What is ambition?
A lot of people associate ambition as perhaps a slightly distasteful habit as it can bring out an aggressive side of our nature – at least that can be our fear. In the world of business that is considered a good thing, a desirable trait for those that want to ‘get ahead’. But, ‘get ahead’ of what? The rest of us losers!?! I think not. I think we have been fed a story, a story that would have us believe that it is important to climb over people, including ourselves, in order to achieve the great heights of fame, iconicism and business success – commonly referenced by peer recognition and measured by fiscal wealth.
Alan Watts reminded us a number of times that we are in a machine. That the samsara of striving is a wheel we choose to engage with by our own free will, and to remove ourselves from that wheel is a choice we must make for ourselves by waking up. As he puts it ‘the point is that God is what nobody admits to being, and everybody really is’.3 To separate ourselves from this machine would be the ultimate individuation from our socio-political conditioning.
We have been enculturated into believing that there are ‘things’ to achieve. But, as far as individuation goes, it’s a matter of paying attention – we do not perhaps need to individuate from our families or our heart communities in order to live a fulfilling life (western paradigmatic psychological idealism). At this time in our cultural evolution, I think there are two ideas we do very much need to individuate ourselves from; consumerism as a path to happiness and belonging, and the idea that we have to earn love. These conditions arise from the beliefs that we lack or are in some way separate from each other (these beliefs are not ones we were born with – we had to learn them). In fact, we believe it so strongly – this sense of lack – that we are willing to damage ourselves (through deforestation, pollution, and personal psychological and emotional violence: What could be more violent than saying to ourselves that we are not enough, exactly as we are?) And what kind of violence is it that encourages us to buy things that shorten the plank we are walking on due to the catastrophic environmental impact of their manufacture? What kind of misunderstanding would have us convinced that we are not ourselves aspects of the very life forms and extended families that we are deforming, damaging and denying every day? Watts reminds us ‘if you go off into the far, far forest, and get very quiet, you’ll come to understand that you are connected with everything’4. And, we are.
Time & Vulnerability
When we lose that sense of authentic, deep, connection, we seek outside of ourselves to fill these perceived holes, in our achievements. We rush to achieve something that we can recognise in the great shopping mall of our lives… and so we birth ambition. Or, rather, we tie our freedom to it. And we put ourselves on a stopwatch for these social milestones, a personal clock; be it the biological clock of childbirth (e.g., if a woman doesn’t have children by the time she’s 30, is she still a woman?) the social clock of achievement (‘what will people think of me if I don’t own my own house or business by the time I’m 40, or have a corner office by 25?) the personal clock of meaning (‘who am I if I’m not famous?’). These clocks are all false. But we believe in them because they show up on our TVs, on FB, in conversation, on billboards, every time we walk past a tempting-but-too expensive shop window. Ambition begs connection, not the other way around.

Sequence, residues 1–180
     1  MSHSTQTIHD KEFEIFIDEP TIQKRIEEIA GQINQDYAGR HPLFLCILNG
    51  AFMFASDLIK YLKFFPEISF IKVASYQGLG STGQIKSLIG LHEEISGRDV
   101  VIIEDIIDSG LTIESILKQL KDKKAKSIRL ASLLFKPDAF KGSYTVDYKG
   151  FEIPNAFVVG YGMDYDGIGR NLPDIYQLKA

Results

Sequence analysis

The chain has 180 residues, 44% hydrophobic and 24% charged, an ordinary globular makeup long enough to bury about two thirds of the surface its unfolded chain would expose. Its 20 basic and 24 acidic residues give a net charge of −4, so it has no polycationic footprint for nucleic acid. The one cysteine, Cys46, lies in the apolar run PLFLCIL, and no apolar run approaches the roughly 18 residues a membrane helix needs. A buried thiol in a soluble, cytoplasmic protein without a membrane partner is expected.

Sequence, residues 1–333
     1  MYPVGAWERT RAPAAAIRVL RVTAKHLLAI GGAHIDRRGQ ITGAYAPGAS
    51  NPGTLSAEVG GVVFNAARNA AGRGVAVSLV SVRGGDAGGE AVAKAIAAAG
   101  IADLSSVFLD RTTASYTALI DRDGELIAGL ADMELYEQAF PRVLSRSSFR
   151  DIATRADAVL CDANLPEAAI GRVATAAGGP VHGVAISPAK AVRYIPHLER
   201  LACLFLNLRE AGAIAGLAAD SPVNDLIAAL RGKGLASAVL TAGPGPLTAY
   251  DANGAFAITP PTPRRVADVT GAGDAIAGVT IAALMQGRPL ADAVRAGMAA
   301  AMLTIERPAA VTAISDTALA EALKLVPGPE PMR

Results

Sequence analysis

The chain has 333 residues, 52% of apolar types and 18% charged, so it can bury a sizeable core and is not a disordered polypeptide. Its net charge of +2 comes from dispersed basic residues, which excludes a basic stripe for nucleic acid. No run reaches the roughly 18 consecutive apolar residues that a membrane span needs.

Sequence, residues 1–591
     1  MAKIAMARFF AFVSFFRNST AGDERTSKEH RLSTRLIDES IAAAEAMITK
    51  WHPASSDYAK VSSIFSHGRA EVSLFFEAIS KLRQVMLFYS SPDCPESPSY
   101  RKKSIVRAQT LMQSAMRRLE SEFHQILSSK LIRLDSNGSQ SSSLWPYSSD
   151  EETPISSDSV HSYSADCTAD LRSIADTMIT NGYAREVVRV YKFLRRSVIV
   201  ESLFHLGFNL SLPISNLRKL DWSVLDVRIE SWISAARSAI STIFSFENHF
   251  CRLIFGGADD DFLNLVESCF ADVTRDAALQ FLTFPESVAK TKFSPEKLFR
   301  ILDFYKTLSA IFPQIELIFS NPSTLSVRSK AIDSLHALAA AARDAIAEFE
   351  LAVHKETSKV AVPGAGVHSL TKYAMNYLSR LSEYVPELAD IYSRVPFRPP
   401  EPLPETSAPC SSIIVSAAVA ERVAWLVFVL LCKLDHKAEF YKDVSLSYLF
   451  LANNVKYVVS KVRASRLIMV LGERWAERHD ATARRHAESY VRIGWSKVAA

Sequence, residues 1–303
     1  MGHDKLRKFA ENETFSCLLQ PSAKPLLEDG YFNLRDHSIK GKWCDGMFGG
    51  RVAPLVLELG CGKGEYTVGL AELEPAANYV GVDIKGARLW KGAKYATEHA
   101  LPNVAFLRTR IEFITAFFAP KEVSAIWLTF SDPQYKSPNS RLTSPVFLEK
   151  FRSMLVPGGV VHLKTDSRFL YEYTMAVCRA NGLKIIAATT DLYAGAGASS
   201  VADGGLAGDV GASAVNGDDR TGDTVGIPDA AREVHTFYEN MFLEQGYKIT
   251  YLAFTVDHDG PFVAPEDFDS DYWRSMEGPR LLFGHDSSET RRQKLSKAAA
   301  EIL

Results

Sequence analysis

Connection & Belonging
We are trained, from the day we are born, to believe that we are not anything until we have achieved everything that we are told matters in a society – at least those of us who have perhaps lost our connection to Nature and to our unifying ‘beingness & belongingness’; we are the vulnerable ones. Indigenous peoples are also affected and vulnerable in a different way. They may not have lost their inherent connection to life’s sentience, but they are losing their access to it, because of our loss. They are paying the price for our insatiable, addictive, appetites for ‘more’ as we encroach on their lands, their trees, their lifestyles, their access to clean and healthy water and food (along with our own). You could say these insatiable appetites are the persistent shadows of our inherent sensitivity and creativity, once cast away from us; sincere qualities redirected from their natural path of connection and wonderment in order to be regrafted onto an alternate, manufactured, synthetic, lifestyle. It is this lifestyle that creates this kind of life-negating ambition of ‘power over’, rather than the life affirming state of connection.
But is all ambition bad?
Is the desire for achievement inherently bad? Is ambition? What do you think? What if we, the people re-defined both? Remytholygised both? Reclaimed both?
‘What if money were no object?’
Achievement by our true nature’s measure